With the leave of the House, may I thank all colleagues who have taken part in this debate? As the Minister just said, this is the House at its best, which almost certainly means, sadly, the media coverage at its least. As they say, “If you want a secret kept, say it in Parliament, outside Prime Minister’s questions.”
A couple of points are worth reiterating. There are those concerned about people with similar conditions to Down syndrome being left aside, but I do not believe that to be true, because of the measures that were considered and the commitments given in Committee by the Government. Although, again, it is worth pointing out that people with Down syndrome share a number of characteristics with other groups, they are, none the less, a discrete population. I wish the hon. Member for Glasgow South West (Chris Stephens) well in his attempts to get Down syndrome included in the Scottish Government legislation, because there is a problem of genuinely unintended consequences. Leaving it out could result in legislative overshadowing and we may unintentionally leave the Down syndrome groups isolated in their legal rights.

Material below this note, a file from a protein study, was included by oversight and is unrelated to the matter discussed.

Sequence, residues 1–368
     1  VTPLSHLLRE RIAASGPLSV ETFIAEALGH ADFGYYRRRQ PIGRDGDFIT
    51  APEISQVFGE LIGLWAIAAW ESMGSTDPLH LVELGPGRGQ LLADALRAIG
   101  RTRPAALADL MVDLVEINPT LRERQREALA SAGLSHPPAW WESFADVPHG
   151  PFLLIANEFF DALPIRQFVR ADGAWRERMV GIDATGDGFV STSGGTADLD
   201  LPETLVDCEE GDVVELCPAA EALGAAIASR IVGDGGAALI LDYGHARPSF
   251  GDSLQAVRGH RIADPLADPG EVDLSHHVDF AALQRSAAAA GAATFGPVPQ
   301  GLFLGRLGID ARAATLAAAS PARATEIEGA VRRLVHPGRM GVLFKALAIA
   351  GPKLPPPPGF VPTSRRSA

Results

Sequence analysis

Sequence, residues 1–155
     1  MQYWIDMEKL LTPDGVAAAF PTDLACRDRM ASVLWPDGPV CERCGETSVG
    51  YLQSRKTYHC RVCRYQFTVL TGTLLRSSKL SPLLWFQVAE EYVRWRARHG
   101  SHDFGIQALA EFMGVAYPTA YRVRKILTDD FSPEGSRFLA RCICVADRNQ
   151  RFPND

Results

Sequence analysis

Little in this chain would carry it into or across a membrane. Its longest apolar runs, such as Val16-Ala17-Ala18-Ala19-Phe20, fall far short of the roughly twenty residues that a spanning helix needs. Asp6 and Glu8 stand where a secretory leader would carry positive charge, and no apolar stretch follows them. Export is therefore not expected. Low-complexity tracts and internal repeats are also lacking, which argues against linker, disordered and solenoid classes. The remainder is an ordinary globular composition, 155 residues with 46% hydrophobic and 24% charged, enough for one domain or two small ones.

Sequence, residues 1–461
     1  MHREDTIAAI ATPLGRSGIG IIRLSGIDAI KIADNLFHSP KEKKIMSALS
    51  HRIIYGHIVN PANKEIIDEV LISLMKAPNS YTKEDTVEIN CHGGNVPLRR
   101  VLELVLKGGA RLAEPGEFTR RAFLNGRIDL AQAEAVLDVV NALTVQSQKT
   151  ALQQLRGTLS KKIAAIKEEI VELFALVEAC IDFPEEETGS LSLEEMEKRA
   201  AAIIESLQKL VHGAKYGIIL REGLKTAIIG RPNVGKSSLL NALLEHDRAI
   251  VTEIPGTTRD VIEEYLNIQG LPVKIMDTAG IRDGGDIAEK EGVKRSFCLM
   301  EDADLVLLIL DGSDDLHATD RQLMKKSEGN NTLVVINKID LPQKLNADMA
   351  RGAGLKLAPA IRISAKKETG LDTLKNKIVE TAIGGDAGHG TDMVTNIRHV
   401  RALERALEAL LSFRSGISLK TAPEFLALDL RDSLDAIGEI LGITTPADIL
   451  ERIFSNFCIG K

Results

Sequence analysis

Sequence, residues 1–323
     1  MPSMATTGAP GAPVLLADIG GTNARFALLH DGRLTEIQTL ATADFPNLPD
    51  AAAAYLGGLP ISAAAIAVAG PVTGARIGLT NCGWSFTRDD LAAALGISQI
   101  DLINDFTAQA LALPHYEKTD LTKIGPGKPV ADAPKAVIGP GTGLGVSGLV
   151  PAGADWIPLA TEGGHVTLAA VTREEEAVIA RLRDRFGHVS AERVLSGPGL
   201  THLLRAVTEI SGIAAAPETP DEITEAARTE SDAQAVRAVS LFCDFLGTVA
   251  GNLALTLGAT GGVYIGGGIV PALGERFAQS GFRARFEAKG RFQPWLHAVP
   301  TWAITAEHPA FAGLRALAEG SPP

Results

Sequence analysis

One thing that has come out loud and clear from this debate is the need for professional education, whether in health, education or social care. I worry about not only diagnostic overshadowing but social overshadowing, whereby the need for people to live, earn and be independent is hidden by a stigma, which is still all too prevalent and needs to be removed. We in the UK have taken a great lead on this issue, as was reflected at the United Nations on Tuesday. We should relish this challenge as a country. We talk about global Britain in a whole range of areas, including diplomacy and security, but should not one of the great challenges for global Britain be our setting an example on social care that the rest of the world wants to follow? That would be something to achieve.